Je suis Charlie

Today in Paris, France two gunman stormed the offices of Charlie Hebdo claiming 12 lives and wounding several others who are not expected to live. The liberal magazine is no stranger to terrorist acts, as it was burned down in 2011 for publishing satirical images of Islam’s Prophet Muhammad.

7 time zones away, I can’t sleep. When I saw the headlines on social media, I couldn't help to think that the France in me had woken me to tell me it was hurting. France is my second home. With so many connections, family, and friendships made over the years, 12 lives lost in the capital city is a scary number, and high enough to consider that someone I know could be a victim.

I was living in France when the Sandy Hook shooting, which claimed the lives of 20 children and 6 adults, happened in December 2012. Friends would constantly ask my opinion about the events saying they didn't understand it. These things almost never occur in France.

“It seems like this is always happening in the United States,” they said.

“How can people be allowed to walk around with weapons like these?” they asked.

Yeah. It does seem like something like this is always happening. If not a Sandy Hook, it’s an Aurora. For the sake of dynamics, add on the Eric Garner tragedy and subsequent shootings of Officers Andrew Dossi and Aliro Pellerano. How can people be allowed to have these weapons? Well, the 2nd Amendment authorizes it, and the National Rifle Association (NRA) swears by it. Meanwhile, The US spends a good amount (640 Billion, 2013) on military expenses.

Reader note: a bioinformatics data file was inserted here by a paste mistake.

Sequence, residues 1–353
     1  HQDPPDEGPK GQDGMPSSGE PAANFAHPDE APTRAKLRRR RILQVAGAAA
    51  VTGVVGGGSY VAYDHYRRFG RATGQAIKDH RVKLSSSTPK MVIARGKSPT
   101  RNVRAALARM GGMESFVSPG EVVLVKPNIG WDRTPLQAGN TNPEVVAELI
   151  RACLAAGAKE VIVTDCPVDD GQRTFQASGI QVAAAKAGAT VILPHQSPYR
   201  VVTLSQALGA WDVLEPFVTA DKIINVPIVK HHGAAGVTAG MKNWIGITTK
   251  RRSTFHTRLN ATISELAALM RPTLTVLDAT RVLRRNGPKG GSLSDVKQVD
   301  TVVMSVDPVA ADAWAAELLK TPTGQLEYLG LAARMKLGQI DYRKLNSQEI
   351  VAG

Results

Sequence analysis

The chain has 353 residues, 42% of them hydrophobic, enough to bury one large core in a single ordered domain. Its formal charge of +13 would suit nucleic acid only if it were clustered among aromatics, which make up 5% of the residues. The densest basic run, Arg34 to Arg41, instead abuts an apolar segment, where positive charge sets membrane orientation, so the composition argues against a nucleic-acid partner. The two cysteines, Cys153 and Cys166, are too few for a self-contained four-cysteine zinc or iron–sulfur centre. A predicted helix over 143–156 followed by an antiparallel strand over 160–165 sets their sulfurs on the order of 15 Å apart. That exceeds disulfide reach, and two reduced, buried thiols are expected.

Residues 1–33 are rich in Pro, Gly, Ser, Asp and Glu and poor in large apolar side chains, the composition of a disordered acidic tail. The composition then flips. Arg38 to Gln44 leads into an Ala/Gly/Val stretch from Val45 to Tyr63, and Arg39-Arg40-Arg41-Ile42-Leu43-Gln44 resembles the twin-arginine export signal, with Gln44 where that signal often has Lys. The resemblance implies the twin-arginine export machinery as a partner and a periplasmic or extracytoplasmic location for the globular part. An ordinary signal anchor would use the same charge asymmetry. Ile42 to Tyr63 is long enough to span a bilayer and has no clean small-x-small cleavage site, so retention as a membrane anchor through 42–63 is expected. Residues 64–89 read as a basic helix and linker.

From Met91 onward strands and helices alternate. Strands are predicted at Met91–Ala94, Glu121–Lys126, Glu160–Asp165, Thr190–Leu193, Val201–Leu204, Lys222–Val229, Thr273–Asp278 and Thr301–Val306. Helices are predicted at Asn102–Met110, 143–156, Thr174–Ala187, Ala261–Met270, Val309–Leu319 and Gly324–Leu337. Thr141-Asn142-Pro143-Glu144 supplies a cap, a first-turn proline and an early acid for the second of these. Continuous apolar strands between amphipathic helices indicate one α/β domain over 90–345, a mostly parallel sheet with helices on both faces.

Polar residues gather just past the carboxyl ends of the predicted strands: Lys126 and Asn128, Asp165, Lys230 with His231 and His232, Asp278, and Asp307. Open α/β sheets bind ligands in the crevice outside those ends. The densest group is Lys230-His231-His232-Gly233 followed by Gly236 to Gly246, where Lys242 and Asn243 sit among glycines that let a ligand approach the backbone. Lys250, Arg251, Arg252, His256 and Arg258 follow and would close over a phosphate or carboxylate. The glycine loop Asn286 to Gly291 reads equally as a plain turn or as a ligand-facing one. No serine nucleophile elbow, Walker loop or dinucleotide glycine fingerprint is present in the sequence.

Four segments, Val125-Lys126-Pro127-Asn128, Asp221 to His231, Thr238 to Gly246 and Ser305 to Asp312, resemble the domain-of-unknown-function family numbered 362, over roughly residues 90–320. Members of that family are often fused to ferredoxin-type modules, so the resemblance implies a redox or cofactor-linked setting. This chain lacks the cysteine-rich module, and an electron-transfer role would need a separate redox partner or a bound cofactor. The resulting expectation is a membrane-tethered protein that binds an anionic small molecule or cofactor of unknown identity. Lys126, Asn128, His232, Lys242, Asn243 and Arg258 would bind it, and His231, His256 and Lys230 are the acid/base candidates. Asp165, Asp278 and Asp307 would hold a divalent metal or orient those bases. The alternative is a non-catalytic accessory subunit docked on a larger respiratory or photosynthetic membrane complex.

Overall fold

If I had time I would tell those friends my theories on how my country simply was born of revolution and gun smoke, or explain my theories of societal indiscretions. However, sometimes I would have to settle for the simplest of responses.

“It’s just how it is.”

I’m not surprised by the headlines anymore, because stories about gun violence are on everyday. I don’t like it, but it happens. There are just as many, if not more, beautiful and interesting events happening in local communities and around the world, but, more often than not, sensationalism breeds ratings and readers.

That 2nd Amendment has the potential to be a two way street, where at least, maybe, probably, a gunman has a second thought on the more than likely scenario that someone he is about to attack has a concealed weapon. It’s understood within the context of our society as a possibility, no matter the view on gun control.

It’s not understood the same way in Paris, because it's not the same place.  Maybe that’s why these events bother me so much. I know those old friends couldn't make sense of American violence, so I can’t imagine how they’ll fathom this. France is far from perfect, and French are probably the first to admit it. But this type of event is not ‘how it is’ there. There, like anywhere else, exists a specific breed of normalized issues , which in any other place would be obtuse. Two masked men running into a newsroom with Kalashnikovs is simply the nightmare Parisians wished had stayed in darkest depths of the catacombs.